You may know that Canada has the highest rate of multiple sclerosis (MS) in the world, with an estimated 100,000 Canadians living with the disease. But did you know that approximately 85 percent of Canadians with MS are initially diagnosed with treatable relapsing-remitting multiple sclerosis (RRMS)?

Effective therapies exist for RRMS

The three main types of multiple sclerosis are PPMS (primary-progressive multiple sclerosis), SPMS (secondary-progressive multiple sclerosis), and RRMS, which is by far the most common. The two main presenting types of MS are RRMS and PPMS, which unfortunately does not yet have any approved treatments. The number of women and men affected by PPMS are approximately equal, and the onset tends to be in one’s 40s or 50s. In RRMS, for which numerous effective therapies are available, women are affected two to three times as often as men and most people are diagnosed in their 20s and 30s. Over time, people living with RRMS can transition to SPMS.

“MS is distinct from many other common chronic neurological diseases because the median of onset is in one’s late 20s and early 30s,” explains Dr. Jiwon Oh, a physician at St. Michael’s Hospital and a leader in MS research and treatment. “So as you can imagine, this is a disease with the potential to significantly impact people’s lives.”

RRMS is characterized by clearly defined attacks of new or increasing neurologic symptoms, which are followed by periods of remission, during which symptoms may improve or disappear. While some symptoms may continue and become permanent, there is no apparent progression of the disease during periods of remission. Although not all people with MS will experience all symptoms, the most common include vision problems, spasticity or stiffness, bowel and bladder problems, fatigue, episodic bouts of numbness, and problems with cognition (learning and memory or information processing). 

Early diagnosis is key

MS attacks the protective covering — myelin — of the brain and spinal cord, as well as the axons underlying myelin, causing inflammation and damage. When this happens, the usual flow of nerve impulses is interrupted or distorted. Because the relapsing phase of the disease is characterized by ongoing inflammation, it is essential to diagnose the disease and begin treatment as early as possible.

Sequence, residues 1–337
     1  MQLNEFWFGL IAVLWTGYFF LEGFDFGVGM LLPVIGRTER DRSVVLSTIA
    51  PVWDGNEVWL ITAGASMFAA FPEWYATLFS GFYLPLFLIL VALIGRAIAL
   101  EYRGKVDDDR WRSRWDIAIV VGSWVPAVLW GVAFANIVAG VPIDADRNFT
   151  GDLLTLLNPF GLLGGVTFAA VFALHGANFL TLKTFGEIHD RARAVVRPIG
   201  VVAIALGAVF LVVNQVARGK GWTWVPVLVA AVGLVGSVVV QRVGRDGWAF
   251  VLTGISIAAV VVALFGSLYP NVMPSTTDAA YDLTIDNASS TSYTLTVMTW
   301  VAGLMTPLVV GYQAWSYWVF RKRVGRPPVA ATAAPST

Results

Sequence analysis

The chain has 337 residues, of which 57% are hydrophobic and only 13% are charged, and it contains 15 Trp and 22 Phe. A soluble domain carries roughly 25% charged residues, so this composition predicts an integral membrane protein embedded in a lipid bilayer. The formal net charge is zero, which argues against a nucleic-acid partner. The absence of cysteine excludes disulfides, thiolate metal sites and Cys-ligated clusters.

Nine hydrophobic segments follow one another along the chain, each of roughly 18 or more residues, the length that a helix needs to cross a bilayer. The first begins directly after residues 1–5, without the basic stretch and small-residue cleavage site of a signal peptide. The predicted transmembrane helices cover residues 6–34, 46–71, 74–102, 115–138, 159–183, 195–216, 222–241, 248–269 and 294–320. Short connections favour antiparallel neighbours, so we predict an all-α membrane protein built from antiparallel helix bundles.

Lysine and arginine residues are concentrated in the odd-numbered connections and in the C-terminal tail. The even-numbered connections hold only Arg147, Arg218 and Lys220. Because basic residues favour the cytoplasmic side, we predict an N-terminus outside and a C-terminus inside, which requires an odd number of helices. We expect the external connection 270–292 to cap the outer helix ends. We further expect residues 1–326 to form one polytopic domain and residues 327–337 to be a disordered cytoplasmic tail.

Medical history and a neurological exam are fundamental to diagnosing MS, but such a diagnosis is only made once other potential causes for symptoms have been ruled out. As there is no one test that can be used to diagnose MS, doctors leverage a variety of available tools in diagnosing patients as quickly and accurately as possible.

“Although diagnosis can sometimes be challenging in the initial stages, the increased availability and use of magnetic resonance imaging (MRI) has greatly facilitated the diagnosis of MS, and we are now able to identify MS earlier,” says Dr. Oh. “Another huge benefit of using new technologies such as MRI is that they help us to personalize treatment for individual patients, which is currently a huge unmet need in clinical practice.”

Having multiple treatment options for MS is beneficial for patients

As MS is a variable disease, and no single pathway, diagnostic test or reliable biomarker has yet been identified to predict how patients will fare on specific treatments, it is essential MS patients have multiple treatment options, as well as the flexibility to transition to another treatment when needed. Moreover, there are genetic variants within the disease that have been shown to vary significantly across different populations and individuals, heightening the need for individualized therapies.

There are a growing variety of ways to manage MS symptoms, ranging from pharmacological treatments to non-medicinal strategies such as physiotherapy, occupational therapy, and diet and exercise programs. Given that MS is a lifelong and, as yet, incurable disease, the long-term safety and tolerability of treatments are important considerations in selecting therapies for individual patients, both in terms of efficacy and compliance.

“One of the greatest difficulties we have is that MS is an extremely variable disease, so when you’re diagnosing someone it can be tricky to decide on the right course of treatment,” says Dr. Oh. “That’s why we need technology not just for diagnosis, but for helping us to tailor treatment appropriately.”

An exciting time in MS research

Twenty years ago, tailoring MS treatments to individual patients was unheard of, but the treatment scenario of multiple sclerosis has radically changed. Dr. Oh points to the fact that there were no disease-modifying treatments available until the early 1990s, and it was not until 2005 that a shift truly occurred. Now, the increasing availability of effective disease-modifying therapies has shifted the aim of therapeutic interventions from a reduction in relapses to the absence of any signs of MS.

“Since 2005, we have nearly tripled the agents available to treat people with RRMS,” says Dr. Oh. “In part because of the increased treatment options, but also because our understanding of MS is very quickly changing, doctors have become much more aggressive in terms of identifying MS early and quickly changing treatments as required by a patient’s needs.”

Researchers such as Dr. Oh continue to work toward finding the cause of MS, developing better treatments with fewer side effects, and ultimately hope to cure the disease. But in the meantime, it is heartening and important to know that through a variety of currently available treatment options, health and wellness, including emotional well-
being, can be achieved even in the presence of a chronic illness or disability such as MS.